Chicago Public Schools CEO Forrest Claypool says the district has reached the end of its rope for short-term solutions and borrowing to stay afloat.

CHICAGO – Hours after paying up to 8.5% interest for market access, the head of Chicago Public Schools acknowledged the uncertainty of a return any time soon.

When asked during an interview Wednesday evening on WTTW's Chicago Tonight program if the district can go back to Wall Street to borrow again, CPS chief executive officer Forrest Claypool said: "I don't know."

Claypool said the $725 million issue -- scaled down from the $875 million it sought to issue last week and even further reduced from the more than $1 billion it was eyeing late last year – temporarily solves the district's cash flow crisis. It allows the district to make its February debt service deposit and to manage through the next few months.

Generally speaking, Claypool said, "we can't borrow anymore….we have reached the end of the rope. We have to close the deficit and balance the budget."

The district is banking on cuts, a city property tax hike for teacher pensions, additional state funds, and teacher contract concessions to cut a looming $1 billion deficit.

The prospects on the latter two are longshots. The district is also eyeing a federal discrimination lawsuit over what it calls inequitable funding if state help isn't forthcoming.

"To us and many others, this is very reminiscent of the Puerto Rico GO deal that came in March of 2014. Investors who bought that deal thought it would solve PR's liquidity problem for a while, only to find out there were deeper structural problems," said Triet Nguyen, a managing director at NewOak Capital LLC. "Likewise, investors in the CPS issue will likely find out that it's only a Band-Aid solution that does nothing to resolve fundamental credit problems.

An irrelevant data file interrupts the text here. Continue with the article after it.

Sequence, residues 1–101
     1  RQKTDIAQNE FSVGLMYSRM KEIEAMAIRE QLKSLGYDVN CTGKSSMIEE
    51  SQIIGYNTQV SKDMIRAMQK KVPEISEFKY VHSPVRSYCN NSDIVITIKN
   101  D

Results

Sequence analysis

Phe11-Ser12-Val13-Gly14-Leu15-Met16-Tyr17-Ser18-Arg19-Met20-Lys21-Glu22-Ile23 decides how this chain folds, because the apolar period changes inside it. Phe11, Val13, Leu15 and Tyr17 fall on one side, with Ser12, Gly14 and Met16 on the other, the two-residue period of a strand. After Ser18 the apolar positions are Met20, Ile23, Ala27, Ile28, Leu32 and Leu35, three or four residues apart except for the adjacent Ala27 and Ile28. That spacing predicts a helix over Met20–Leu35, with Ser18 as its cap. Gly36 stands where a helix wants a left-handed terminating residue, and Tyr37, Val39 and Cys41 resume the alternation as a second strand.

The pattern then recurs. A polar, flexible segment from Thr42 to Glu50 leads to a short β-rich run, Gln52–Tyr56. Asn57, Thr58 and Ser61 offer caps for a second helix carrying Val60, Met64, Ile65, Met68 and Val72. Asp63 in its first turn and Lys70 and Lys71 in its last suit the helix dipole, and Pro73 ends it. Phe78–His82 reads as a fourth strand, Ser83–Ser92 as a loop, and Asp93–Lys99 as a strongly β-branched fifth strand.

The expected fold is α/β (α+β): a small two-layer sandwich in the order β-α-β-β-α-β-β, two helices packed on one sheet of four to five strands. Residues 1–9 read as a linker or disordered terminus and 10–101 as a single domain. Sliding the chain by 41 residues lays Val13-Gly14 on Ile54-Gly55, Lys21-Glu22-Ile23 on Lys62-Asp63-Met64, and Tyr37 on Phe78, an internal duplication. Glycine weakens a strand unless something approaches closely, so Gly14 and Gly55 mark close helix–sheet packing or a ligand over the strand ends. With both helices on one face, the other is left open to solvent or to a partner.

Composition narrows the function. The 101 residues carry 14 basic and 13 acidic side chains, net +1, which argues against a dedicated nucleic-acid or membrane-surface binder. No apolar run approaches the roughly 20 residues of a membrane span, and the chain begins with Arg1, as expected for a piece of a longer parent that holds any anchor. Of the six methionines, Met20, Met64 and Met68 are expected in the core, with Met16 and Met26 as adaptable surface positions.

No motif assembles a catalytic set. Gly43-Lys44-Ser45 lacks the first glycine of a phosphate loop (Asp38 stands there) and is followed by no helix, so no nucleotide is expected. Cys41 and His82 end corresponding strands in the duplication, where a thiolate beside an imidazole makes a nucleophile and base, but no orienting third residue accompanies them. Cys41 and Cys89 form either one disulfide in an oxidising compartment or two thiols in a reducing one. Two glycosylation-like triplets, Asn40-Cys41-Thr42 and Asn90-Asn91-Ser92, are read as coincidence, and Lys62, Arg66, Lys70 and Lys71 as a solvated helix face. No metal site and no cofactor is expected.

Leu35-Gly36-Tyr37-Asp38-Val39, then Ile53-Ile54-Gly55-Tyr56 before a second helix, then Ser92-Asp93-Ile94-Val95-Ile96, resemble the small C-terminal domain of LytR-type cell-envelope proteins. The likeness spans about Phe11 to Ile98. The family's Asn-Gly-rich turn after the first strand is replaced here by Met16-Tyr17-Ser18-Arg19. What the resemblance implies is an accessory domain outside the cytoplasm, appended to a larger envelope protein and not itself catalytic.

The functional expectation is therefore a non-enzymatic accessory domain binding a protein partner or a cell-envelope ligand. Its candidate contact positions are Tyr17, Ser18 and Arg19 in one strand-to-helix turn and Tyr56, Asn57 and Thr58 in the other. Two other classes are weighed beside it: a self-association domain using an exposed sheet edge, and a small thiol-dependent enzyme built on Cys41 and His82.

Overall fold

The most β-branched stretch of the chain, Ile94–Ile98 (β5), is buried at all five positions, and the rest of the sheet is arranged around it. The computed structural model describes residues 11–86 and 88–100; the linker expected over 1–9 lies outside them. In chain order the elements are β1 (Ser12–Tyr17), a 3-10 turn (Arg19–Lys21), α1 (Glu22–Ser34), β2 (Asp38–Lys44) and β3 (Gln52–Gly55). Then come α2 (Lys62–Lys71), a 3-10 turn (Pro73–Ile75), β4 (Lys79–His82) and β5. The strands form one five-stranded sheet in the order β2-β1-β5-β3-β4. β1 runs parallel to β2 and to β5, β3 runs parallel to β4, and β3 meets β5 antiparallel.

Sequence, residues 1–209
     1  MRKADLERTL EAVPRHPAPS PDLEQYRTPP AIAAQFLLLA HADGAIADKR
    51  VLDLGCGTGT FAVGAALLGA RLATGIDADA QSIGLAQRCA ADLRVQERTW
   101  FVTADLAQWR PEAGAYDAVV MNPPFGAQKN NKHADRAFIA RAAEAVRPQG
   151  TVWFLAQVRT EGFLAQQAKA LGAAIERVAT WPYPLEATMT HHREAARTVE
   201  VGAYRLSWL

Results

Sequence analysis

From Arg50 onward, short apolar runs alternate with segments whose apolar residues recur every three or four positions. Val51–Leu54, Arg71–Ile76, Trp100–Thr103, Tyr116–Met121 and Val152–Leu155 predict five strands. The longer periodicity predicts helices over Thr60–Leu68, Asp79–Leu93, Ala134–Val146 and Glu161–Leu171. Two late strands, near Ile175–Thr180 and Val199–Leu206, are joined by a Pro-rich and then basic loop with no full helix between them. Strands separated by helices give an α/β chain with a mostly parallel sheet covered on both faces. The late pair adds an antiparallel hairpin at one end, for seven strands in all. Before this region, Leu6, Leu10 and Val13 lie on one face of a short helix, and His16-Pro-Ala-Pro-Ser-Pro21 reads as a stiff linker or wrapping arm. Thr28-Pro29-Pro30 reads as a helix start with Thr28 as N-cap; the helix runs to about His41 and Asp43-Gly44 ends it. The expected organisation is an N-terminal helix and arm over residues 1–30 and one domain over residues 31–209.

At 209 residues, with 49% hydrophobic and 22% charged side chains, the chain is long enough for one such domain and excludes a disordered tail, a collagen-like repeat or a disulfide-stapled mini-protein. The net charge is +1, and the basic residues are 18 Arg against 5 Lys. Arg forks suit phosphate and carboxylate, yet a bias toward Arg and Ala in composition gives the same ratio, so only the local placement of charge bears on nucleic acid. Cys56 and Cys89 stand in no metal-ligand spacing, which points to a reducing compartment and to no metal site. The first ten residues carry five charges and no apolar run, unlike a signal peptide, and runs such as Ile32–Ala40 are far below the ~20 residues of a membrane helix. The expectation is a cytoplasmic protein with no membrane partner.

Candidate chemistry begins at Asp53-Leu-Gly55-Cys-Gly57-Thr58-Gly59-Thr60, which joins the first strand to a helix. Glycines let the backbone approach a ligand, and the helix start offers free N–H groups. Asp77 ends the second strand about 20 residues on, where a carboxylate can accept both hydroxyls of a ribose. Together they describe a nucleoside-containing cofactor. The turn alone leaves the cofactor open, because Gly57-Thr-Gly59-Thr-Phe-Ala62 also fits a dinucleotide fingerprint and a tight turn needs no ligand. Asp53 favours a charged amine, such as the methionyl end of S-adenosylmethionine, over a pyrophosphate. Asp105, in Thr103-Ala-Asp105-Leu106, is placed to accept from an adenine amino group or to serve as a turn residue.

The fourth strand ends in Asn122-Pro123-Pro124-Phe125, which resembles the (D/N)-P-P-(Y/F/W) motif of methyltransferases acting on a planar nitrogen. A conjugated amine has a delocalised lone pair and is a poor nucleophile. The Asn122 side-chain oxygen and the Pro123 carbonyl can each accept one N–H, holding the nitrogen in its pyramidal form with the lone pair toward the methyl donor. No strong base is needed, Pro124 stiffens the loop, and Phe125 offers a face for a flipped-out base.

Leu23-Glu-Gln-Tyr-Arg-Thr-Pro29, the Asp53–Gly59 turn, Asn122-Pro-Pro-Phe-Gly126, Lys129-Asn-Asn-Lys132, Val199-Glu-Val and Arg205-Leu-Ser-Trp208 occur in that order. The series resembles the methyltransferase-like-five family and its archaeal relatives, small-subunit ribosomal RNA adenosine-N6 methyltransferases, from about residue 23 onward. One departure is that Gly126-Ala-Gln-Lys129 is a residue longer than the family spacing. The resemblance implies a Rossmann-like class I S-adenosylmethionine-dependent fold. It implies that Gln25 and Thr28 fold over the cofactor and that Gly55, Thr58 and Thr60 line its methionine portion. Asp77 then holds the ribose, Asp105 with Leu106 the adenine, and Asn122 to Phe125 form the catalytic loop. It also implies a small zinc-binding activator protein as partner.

"In fact, this may well turn out to be CPS' last shot in terms of market access," Nguyen said.

"The structure reminds me basically of Puerto Rico's last deal," said one buyside source. "Access to the market will be challenged going further unless they cut the budget—which means teacher layoffs at this point."

The pricing Wednesday marked the culmination of a rocky two weeks during which the district's largely junk-level ratings took another hit and the Chicago Teachers Union bargaining group rejected a potential deal struck by a smaller group of negotiators.

Most damaging, market participants said, was talk from Gov. Bruce Rauner and fellow Republicans in the legislative minority about a state bid to take over the district and escalated talk of Chapter 9, even as majority Democrats labeled it dead on arrival.

The district pulled the deal off the negotiated calendar last week on the morning of the scheduled pricing when the underwriters, led by JPMorgan, couldn't pull together sufficient orders. Chicago Mayor Rahm Emanuel, his chief financial officer Carole Brown, the district's leaders and underwriters went to work over the next week.

The team proceeded cautiously Wednesday at first offering just $675 million with most orders locked up. They were able to raise it to $725 million and market sources said the deal just narrowly got done at a level of one times subscription due mostly to high-yield municipal investors.